A former Republican prisoner has defended the Sinn Féin president Gerry Adams after he used the N-word on Twitter.
Gerry Adams was forced to apologise yesterday after posting the tweet on Sunday night, in which he compared the treatment of Irish nationals in the North to the struggle of black slaves in the United States.
He posted the tweet on Sunday night while watching the film 'Django Unchained'.
Mr Adams removed the tweet a short time later after it provoked a furious reaction, tweeting:
Any1 who saw Django would know my tweets&N-word were ironic.Nationalists in Nth were treated like African Americans.— Gerry Adams (@GerryAdamsSF) May 2, 2016
The next morning Mr Adams issued a statement, saying he had either been misunderstood by those who had taken offence at his use of the term, or they were misrepresenting the post.
While speaking in Belfast yesterday, Mr Adams said: "Django Unchained is a powerful film which highlights the injustices suffered by African Americans through its main character Django.
"In my tweets I described him as a 'Ballymurphy n****' and 'an uppity Fenian'. I have acknowledged that the use of the n-word was inappropriate.
"That is why I deleted the tweet. I apologise for any offence caused.
"I stand over the context and main point of my tweet about the Django which were the parallels between people in struggle. Like African Americans Irish nationalists were denied basic rights.
"The penal laws, Cromwell's regime, and partition are evidence of that.
"In our own time, like African Americans nationalists in the north, including those from Ballymurphy and west Belfast, were denied the right to vote; the right to work; the right to a home; and were subject to draconian laws.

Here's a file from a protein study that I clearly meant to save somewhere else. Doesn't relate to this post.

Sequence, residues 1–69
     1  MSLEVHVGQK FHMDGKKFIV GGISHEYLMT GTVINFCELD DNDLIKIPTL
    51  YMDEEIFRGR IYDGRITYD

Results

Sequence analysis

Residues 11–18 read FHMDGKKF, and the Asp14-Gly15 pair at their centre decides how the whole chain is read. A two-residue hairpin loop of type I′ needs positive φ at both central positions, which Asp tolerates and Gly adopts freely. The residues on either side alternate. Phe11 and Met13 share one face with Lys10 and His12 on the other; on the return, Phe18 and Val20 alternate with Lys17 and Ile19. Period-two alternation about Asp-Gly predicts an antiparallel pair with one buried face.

"This changed because we stood up for ourselves. We need to continue to do that.
"The civil rights movement here, of which I was a founding member, was inspired and based its approach on the civil rights campaign in the USA.
"I have long been inspired by Harriet Tubman; Frederick Douglass; Rosa Parks; Martin Luther King and Malcolm X who stood up for themselves and for justice."
Former Republican prisoner, Tim Brannigan, told Newstalk Breakfast he thinks the context of Mr Adams' message was misunderstood.
He said: "The fact that Gerry used the N-word was a surprise to say the least…The difficulty with the slave analogy is that, yes, people in Belfast suffered under Unionist domination, but they weren't slaves. They weren't wearing chains and that's where black people would identify the problem (wit the analogy).
"There's a problem of degree, of proportionality I think.
"I absolutely understand what Gerry was attempting to stay. We Republicans have always identified with liberation movements around the world.
"I think (Gerry) had a moment of serious misjudgement, but I wouldn’t like to comment further than that.
"The N-word is very racist, but Gerry Adams is not."